For as long as there have been politics there have been deals.
Of course, it is illegal to trade one's vote for cash, but those with the power to dispense patronage, projects, and promotions have a unique advantage in seeking the support of those whose endorsements can tip the balance for any given issue.
Whether it was the drafting of the Constitution, confronting the infamous slave trade, Tammany Hall's "favored sons" or directing federal funds for a bridge, this kind of give-and-get has long been woven into the cynical side of politics.
It is unprecedented, however, when the stakes have become so high that these kinds of backroom deals can disrupt an election or even plunge a nation into an unrecoverable cycle of debt and economic despair.
That is why the "Inflation Reduction Act of 2022" that has come out of the Senate "sausage machine," courtesy of its current majority leader, Sen. Charles Schumer, and his surprising enabler, Sen. Joe Manchin, needs to be closely examined. With its $700 billion price tag, it has the potential to seriously harm our nation's economic future.
One of its elements requires a particularly hefty dose of sunlight. This massive spending plan will allow John Podesta, a Biden adviser, former Clinton aide, and longtime Democratic political strategist, to administer some $370 billion in energy programs of his selective choosing.
In a world where companies compete for federal contracts, and where some seek Congressional legislation favorable to their bottom lines, and where D.C. influence is the coin of the realm, Podesta's administration of what can only be described as an eye watering amount of federal cash requires more than casual oversight.
One may assume that the General Accounting Office will pursue their usual role of budgetary watchdog but can they do so in a timely manner, and with the degree of scrutiny that more than half a trillion dollars deserves?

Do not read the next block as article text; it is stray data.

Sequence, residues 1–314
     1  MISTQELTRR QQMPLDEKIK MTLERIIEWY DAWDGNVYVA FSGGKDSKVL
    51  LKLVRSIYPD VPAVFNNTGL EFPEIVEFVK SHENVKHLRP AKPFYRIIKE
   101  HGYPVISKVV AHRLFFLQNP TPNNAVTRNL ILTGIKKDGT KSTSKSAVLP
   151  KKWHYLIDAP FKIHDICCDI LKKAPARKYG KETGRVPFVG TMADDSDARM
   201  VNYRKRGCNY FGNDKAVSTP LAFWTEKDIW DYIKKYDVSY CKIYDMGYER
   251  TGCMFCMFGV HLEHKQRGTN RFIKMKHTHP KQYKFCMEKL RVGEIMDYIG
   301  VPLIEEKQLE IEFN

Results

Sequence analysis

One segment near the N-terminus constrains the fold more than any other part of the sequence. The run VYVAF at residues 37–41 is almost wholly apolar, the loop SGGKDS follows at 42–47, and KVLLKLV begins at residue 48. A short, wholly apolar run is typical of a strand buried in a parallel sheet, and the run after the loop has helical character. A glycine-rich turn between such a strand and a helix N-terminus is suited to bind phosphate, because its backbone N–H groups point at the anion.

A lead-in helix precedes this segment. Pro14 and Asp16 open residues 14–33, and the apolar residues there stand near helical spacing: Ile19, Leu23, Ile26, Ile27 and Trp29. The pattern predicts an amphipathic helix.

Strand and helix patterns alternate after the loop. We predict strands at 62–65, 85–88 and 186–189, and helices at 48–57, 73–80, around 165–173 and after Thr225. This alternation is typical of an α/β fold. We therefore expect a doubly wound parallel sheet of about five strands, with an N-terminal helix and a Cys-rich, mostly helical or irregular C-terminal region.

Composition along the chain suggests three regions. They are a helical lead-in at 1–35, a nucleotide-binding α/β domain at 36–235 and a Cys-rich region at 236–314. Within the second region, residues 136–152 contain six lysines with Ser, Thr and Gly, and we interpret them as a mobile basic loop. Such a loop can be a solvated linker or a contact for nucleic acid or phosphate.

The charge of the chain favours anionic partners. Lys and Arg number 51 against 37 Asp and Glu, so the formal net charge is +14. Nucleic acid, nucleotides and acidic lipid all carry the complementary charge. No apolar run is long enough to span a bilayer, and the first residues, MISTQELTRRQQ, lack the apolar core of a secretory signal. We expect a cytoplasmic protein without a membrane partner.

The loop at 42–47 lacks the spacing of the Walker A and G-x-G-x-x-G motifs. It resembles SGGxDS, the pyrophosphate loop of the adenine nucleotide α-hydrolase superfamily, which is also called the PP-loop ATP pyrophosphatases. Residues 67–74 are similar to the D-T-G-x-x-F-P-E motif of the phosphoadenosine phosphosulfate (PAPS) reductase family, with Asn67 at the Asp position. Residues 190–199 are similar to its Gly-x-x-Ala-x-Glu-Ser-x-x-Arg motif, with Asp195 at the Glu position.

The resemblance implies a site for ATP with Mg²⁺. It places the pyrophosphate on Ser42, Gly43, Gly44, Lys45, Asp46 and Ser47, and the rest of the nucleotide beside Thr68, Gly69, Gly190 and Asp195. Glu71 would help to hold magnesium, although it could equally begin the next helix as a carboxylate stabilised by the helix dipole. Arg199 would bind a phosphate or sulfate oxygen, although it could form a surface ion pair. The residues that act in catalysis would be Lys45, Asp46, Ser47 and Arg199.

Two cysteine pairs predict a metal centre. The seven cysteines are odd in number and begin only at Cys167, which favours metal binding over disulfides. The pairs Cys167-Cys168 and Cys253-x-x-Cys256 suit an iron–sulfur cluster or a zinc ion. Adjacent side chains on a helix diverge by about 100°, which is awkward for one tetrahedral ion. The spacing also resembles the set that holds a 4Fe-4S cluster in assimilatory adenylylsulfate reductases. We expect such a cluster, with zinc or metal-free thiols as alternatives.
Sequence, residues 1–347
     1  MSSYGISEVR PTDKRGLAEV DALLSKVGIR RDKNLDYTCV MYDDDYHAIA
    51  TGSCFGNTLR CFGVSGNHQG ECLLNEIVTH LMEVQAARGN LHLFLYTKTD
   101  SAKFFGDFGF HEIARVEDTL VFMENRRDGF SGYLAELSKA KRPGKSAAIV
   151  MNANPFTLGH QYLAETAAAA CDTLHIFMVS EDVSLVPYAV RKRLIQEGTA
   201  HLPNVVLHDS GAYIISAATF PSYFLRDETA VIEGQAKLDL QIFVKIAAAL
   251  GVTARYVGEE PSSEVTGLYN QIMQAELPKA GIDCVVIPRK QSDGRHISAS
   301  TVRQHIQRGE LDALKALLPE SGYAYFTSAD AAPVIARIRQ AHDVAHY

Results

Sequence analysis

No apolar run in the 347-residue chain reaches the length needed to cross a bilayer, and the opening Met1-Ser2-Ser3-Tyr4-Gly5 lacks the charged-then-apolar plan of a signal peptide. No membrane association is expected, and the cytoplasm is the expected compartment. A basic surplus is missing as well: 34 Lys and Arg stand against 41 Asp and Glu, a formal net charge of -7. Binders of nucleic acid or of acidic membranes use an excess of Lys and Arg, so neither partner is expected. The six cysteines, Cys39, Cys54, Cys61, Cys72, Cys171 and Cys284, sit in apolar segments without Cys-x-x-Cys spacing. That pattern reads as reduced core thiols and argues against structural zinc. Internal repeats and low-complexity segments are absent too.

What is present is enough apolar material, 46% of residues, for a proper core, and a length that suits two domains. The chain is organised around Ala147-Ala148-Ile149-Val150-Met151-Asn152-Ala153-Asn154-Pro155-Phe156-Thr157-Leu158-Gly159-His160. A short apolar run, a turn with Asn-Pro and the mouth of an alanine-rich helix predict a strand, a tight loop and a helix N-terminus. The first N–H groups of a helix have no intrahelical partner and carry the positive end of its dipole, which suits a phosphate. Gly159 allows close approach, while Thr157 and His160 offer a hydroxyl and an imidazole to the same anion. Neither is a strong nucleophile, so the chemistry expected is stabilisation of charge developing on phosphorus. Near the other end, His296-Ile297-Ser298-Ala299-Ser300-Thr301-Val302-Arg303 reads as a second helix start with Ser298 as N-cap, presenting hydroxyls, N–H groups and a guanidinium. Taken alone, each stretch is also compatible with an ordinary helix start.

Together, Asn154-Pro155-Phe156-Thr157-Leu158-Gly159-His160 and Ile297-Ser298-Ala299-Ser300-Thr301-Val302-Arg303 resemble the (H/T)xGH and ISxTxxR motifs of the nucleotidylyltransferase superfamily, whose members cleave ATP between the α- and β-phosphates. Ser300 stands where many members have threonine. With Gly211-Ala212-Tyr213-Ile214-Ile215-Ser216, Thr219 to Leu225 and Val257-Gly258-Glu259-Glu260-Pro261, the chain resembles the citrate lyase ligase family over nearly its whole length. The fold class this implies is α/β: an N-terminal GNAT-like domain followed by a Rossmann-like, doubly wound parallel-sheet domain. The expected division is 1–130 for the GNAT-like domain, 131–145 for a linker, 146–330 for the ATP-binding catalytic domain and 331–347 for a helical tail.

As it is, the Justice Department is still pursuing the criminals who skimmed millions of dollars in COVID relief funds, and one gets the feeling that their efforts do not begin to scratch the surface of the fraud.
But aside from the obvious potential for abuse, what may be of even larger concern is the threat from a federal program that will add even more red ink to a federal budget that is currently staggering under the debt incurred by those COVID relief programs. Current estimates put the U.S. debt approaching $31 trillion dollars.
It is a mind-bending amount of money that some economists warn could eventually bring down the United States economy, and with it, the cornerstone of Western democracy. It is as if we have turned against ourselves the very weapon that brought down the Soviet Union: a weakening economy, increasingly in debt, especially if interest rates keep rising.
It has been said that with great power comes great responsibility. It should also be said that with access to great amounts of money comes the potential for even greater amounts of fraud and abuse. With our democracy and solvency in the balance, the stakes could not be higher.
Lawrence Kadish serves on the Board of Governors of Gatestone Institute.